Children in the United States bake cookies for Santa and leave them out with a glass of milk on Christmas Eve. Some kids even leave carrots for Santa’s reindeer.
In other parts of the world, however, Santa’s beverages are a bit harder.
Here are Christmas traditions for seven countries:
Although most people put out cookies and milk for Santa, some health-conscious families prefer to leave celery or a more low-calorie treat. Lucky reindeer will also get a carrot or two.
When it’s cold in the States, it’s hot in Australia. The Weather Channel predicts a high of 83 degrees in Sydney on Christmas Day. That’s why Santa is treated to a cold glass of beer to help wash down his cookies.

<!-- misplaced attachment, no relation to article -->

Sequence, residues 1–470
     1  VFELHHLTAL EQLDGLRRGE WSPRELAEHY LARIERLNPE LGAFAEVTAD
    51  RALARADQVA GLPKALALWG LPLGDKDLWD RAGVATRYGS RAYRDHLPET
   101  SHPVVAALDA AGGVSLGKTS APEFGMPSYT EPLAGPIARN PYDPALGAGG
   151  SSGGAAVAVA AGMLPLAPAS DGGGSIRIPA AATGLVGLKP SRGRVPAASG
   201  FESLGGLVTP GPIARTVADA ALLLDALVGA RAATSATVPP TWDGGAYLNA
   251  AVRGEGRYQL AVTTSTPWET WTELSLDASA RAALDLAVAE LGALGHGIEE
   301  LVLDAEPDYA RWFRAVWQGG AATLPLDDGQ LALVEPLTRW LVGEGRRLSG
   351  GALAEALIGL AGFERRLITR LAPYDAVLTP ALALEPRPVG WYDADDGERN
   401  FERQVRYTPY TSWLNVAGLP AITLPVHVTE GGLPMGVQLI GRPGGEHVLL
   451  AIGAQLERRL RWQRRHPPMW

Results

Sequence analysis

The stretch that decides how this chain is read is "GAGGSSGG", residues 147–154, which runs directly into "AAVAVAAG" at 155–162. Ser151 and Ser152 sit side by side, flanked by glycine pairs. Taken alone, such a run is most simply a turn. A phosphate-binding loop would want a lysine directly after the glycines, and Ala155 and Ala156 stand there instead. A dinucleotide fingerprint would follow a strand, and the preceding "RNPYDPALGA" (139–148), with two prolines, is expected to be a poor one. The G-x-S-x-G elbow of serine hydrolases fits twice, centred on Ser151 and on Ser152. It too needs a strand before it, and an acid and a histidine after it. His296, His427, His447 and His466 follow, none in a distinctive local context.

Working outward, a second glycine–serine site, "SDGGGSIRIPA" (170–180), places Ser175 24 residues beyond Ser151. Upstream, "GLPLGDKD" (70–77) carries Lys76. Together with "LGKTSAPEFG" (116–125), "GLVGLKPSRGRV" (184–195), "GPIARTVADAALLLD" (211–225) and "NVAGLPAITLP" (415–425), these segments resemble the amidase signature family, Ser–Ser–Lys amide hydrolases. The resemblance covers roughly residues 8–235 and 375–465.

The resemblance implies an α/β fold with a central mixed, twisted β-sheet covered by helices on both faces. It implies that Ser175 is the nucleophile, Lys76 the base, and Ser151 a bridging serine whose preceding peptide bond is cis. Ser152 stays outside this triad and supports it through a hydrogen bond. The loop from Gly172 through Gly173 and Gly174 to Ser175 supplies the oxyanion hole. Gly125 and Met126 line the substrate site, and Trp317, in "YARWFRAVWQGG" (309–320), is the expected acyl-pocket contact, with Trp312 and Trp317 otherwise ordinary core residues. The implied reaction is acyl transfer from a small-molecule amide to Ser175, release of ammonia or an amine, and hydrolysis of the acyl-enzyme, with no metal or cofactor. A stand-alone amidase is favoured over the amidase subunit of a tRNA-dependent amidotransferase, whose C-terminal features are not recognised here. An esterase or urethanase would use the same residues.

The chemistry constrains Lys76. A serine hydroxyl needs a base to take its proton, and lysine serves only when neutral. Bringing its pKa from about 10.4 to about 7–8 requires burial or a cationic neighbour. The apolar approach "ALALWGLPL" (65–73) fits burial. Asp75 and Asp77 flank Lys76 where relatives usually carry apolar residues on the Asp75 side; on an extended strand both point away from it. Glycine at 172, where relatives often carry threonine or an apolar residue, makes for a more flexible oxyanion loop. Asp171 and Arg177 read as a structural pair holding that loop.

Beer is also left by Irish kids, but not just any beer. In Ireland, it has to be a pint of Guinness. You’ll also find no cookies here. Santa can find a mince pie near the tree instead.
Santa can fill up on mince pies in Britain, too, but he’ll enjoy it with a glass of sherry to warm him up.
Christmas Eve in Argentina is a time for fireworks and globos, paper balloons that are lighted from within and float. Kids don’t open presents until January 6, which is Three Kings Day. They leave out hay and water for the Magi’s horses — that’s right, horses.
Kids in Denmark, Belgium and the Netherlands also believe Santa’s sleigh is pulled by horses, so they leave carrots and hay as a snack.
In addition to hay and carrots for the horses, kids in Denmark make rice pudding and leave it out for the elves. The children believe elves — who are named nisser and who live in the attic — will taunt them all evening if there is no pudding. Santa, however, gets nothing.